IRA victim's mum wins first round in play park legal bid
A grandmother has told how she is fighting a legal battle against the naming of a play park after an IRA hunger striker because she does not want children to think he was a hero.
Bea Worton (88), was granted leave yesterday to seek a judicial review against the Equality Commission and a local council over the decision to continue to call a Newry children's play park after Raymond McCreesh.
She decided to take legal action when she learned that McCreesh had reportedly been caught with a weapon used in the Kingsmill massacre.
Mrs Worton's son Kenneth was one of 10 Protestant workmen who died when their red Ford Transit minibus was ambushed by the Provisional IRA in January 1976. The killers separated the one Catholic man in the minibus from the others and then mercilessly gunned down the remaining 11 Protestants at the roadside.
One man - Alan Black - survived, despite having been shot 18 times.
Mrs Worton said: "I don't want children to think Raymond McCreesh was some kind of hero.
"Why didn't they name the park after some VIP that really deserved it - I feel sickened that they named it after him."
The Markethill woman added: "There are lots of children who'll be going into the park and they'll want to know who Raymond McCreesh was. What honour did he do? They would think he must have been a great man to get something named after him, the way Georgie Best had the airport named after him.
"Georgie Best was a great footballer but Raymond McCreesh had nothing to be proud of. He was just a terrorist."
In court yesterday, her barrister set out how McCreesh was reportedly in possession of a rifle used in the killings when he was captured later that year.
David Scoffield QC said: "The applicant's outrage at this decision (in naming the park) is particularly acute.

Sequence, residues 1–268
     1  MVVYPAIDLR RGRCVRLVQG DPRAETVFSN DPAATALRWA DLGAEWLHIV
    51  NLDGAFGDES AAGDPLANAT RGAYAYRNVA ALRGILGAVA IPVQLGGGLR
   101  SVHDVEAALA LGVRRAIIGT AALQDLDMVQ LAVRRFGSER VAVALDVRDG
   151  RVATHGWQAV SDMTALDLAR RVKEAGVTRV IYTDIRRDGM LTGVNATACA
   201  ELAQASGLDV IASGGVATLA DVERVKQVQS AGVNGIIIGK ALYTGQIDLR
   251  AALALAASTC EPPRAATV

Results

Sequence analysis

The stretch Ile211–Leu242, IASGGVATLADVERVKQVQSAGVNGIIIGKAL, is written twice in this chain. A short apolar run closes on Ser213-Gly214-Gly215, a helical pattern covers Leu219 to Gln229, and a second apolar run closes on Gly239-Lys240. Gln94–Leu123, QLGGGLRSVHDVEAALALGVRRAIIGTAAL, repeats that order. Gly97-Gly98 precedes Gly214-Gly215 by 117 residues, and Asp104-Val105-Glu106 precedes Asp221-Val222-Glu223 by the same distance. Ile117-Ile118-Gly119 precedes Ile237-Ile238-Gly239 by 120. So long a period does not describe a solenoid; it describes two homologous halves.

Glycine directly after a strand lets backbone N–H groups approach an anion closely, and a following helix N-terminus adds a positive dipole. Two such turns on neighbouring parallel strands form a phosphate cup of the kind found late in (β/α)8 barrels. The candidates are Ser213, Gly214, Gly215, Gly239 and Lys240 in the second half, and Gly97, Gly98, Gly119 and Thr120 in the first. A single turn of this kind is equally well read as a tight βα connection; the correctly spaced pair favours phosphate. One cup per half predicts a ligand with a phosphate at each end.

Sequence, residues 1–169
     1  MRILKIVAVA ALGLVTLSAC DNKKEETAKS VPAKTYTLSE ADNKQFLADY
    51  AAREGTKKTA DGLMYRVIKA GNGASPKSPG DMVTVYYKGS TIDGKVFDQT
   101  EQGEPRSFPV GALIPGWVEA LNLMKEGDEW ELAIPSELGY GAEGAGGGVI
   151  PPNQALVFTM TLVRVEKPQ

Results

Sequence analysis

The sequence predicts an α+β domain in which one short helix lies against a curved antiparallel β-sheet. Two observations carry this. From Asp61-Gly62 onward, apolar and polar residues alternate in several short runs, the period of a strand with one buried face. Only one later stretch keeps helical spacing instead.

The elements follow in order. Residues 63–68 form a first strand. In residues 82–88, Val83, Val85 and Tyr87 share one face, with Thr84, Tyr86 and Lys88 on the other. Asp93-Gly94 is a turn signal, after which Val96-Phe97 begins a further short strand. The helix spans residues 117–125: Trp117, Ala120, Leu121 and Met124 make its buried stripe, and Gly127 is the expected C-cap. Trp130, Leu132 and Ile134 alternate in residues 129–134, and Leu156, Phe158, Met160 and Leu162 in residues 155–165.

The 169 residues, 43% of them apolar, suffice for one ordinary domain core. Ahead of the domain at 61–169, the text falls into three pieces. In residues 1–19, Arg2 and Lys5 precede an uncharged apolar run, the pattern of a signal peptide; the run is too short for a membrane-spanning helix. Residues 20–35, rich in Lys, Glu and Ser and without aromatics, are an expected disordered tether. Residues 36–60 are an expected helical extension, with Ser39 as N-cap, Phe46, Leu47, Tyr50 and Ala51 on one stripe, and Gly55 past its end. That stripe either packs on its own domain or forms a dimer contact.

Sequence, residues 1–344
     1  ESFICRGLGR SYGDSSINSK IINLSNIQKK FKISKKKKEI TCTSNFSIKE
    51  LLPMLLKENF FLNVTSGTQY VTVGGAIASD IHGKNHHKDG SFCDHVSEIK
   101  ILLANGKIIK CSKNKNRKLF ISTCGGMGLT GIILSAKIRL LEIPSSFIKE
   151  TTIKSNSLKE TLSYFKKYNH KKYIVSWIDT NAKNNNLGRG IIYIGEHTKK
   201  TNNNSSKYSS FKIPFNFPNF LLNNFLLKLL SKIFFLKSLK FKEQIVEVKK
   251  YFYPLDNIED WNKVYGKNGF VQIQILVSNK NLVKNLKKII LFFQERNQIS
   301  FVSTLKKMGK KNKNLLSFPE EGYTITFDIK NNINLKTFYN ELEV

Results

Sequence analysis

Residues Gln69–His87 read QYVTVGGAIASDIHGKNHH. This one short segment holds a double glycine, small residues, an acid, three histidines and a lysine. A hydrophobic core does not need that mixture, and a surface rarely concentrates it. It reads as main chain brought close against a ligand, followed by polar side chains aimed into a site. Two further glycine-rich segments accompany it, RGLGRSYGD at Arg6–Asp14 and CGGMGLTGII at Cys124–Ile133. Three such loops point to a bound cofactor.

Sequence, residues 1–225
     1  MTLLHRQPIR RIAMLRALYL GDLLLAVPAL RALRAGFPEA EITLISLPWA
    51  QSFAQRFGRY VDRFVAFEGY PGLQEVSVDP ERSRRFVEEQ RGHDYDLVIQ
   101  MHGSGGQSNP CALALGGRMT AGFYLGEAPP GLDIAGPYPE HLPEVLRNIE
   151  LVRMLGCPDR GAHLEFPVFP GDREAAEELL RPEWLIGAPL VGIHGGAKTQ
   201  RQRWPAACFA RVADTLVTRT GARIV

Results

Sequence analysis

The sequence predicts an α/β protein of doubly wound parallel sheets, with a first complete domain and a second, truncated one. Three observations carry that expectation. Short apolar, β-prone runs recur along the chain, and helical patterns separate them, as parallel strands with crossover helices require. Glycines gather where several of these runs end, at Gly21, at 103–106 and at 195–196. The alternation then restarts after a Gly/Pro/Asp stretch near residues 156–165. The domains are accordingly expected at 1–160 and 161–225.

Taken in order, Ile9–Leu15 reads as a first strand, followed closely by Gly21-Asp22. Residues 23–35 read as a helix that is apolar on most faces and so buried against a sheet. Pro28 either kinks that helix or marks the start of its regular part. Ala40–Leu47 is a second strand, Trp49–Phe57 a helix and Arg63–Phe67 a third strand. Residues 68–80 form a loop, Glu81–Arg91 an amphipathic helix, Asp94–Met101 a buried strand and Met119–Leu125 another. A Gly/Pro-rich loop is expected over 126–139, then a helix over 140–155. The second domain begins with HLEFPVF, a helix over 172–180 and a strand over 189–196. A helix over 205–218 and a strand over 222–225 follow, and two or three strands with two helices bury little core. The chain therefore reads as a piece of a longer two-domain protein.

"She was and remains shocked and bewildered by the insensitivity of the decision."
Controversy has continued to surround the park since councillors voted to retain the name in February last year.
McCreesh, from Camlough in south Armagh, was one of 10 IRA prisoners who died in the hunger strike in the Maze Prison in 1981.
His convictions included attempted murder, conspiracy to murder, possession of firearms with intent to endanger life, and IRA membership.
Part of the play park case involves a claim that the naming process breached Section 75 of the Northern Ireland Act, which requires public authorities to promote good relations between those of differing religious backgrounds or political opinion.
The Equality Commission, according to Mrs Worton's legal team, should have found against the local authority and referred the matter to the Secretary of State.
Mr Scoffield accused it of a "volte-face" by switching from an earlier opinion where it had requested the council to review the naming decision.
Tony McGleenan QC, responding for the Commission, argued that it had gone through a painstaking process before making recommendations.
"It's difficult to establish any arguability that there's been a public law wrong by the Commission," he said.
However, Mr Justice Maguire ruled that the challenge should proceed to a full hearing on claims that the Commission was in breach of Section 75 requirements.
He also held that an arguable case had been established against the Council over allegations its decision was irrational, unreasonable, pre-determined or biased.
Rejecting claims the case should be thrown out due to delay, Mr Justice Maguire said: "There's a matter of public interest involved in this particular decision."
No-one has ever been convicted of the Kingsmill murders.